The three main varieties that do well in Kenya include softneck, hardneck and elephant types of garlic.

Softneck is the most popular and characterizes by a white, paper-like skin with a fairly strong taste and pungent smell. It is one of the easiest variety to grow. Softneck has varieties like Creole, California Early, and California Late.

Hardneck characterizes with a tan and purple markings. It is a variety that produces bigger and fewer cloves on each head. However, hardneck does not store well for longer durations like in the case of softneck. Hardneck has varieties such as Roja and German Extra Hearty.

Elephant garlic is characterized by a large head and huge cloves. Moreover, it possesses a subtle flavor with a mild odor as compared to the first two types of garlic.

Climatic conditions

Garlic farming performs well in medium to high attitudes of 500- 200 Metres above sea level. Additionally, garlic requires high temperatures of 30ºC to aid in proper bulb development. However, during the preliminary stages, cooler temperatures are preferred as they assist in vegetative growth needed for plant establishment. For this reason, ideal temperatures for growing garlic range between 12-24ºC.

It is worth noting that excess rains and humidity is bad for garlic’s vegetative growth as well as bulb formation and as such the crop will perform well in areas with low rainfall possibly substituted with irrigation during the initial phase when water requirement is utmost.


Garlic planting needs a ground with a pH ranging from 5.5 to 6.8. For this reason, garlic growing is suitable in most Kenyan grounds provided that they drain as well as the crop performs poorly in water-logged soils. Farmers should avoid garlic growing in clay soils as much as possible as it hinders the enlargement of the bulbs.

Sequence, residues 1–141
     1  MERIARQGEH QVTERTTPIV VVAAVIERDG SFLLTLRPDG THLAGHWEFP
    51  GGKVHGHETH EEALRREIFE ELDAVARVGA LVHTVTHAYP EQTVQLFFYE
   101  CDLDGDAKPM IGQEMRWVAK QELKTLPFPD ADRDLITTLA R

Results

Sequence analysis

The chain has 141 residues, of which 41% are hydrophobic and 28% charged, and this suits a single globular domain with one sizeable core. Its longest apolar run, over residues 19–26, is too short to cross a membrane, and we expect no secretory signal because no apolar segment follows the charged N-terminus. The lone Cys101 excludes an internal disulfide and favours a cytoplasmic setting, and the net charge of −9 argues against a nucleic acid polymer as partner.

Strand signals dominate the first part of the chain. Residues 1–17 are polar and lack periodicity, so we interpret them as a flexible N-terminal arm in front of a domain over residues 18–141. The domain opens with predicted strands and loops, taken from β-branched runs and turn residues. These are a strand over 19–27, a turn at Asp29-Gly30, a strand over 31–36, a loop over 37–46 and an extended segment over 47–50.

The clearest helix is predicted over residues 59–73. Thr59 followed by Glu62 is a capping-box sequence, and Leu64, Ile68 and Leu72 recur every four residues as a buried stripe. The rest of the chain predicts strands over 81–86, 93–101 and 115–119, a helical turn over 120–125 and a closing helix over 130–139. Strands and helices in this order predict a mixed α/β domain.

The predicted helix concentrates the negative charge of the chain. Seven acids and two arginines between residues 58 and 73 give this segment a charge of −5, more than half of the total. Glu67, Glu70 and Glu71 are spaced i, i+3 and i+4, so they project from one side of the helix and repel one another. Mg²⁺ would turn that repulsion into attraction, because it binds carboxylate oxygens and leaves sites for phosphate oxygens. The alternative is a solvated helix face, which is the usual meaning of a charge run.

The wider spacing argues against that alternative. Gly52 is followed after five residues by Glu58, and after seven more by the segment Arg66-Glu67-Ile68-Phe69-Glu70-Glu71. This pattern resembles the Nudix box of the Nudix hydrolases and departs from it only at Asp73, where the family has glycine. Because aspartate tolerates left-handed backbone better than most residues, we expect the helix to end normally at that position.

Furthermore, you need to ensure that the soil is well prepared with loose and airy depths of up to 6 – 8 inches and needs to be dry and without any rocks and plants debris. To ensure optimum yield, mix the soil with organic manure before plowing as this will facilitate improved bulb formation.

Actual planting and spacing

Growing of garlic is not as hard. You only need to select the best cloves and separate them with a spacing of 30 cm between the rows and 15 cm or 6 inches from each plant. Using a hoe, dig and create trenches that are 25 cm deep. Sow single garlic with its root down, and its point is facing up the hole. After doing this, cover the clove with loose and airy soils.

Repeat the process until all seeds have planted 6 inches apart from each other. Ensure the next row of seeds is 2 feet or 60cm apart from the first one. Water the rows slightly and stop when the soil surface is slightly damp to avoid over-watering. Excess water will make the seed cloves to rot before they can grow.

Mulch and manure application

After planting your garlic seeds, you need to safeguard them from harsh conditions using a thick layer of mulch. You can use anywhere between 4 to 6 – inch layer of either straw, chopped leaves or grass and place them above the rows. By doing so, the seeds will insulate protecting them from severe winter conditions. This mulch needs removal on the first day of spring when the temperatures are 55 or 6o degrees F as this is around when the garlic seeds will start to sprout.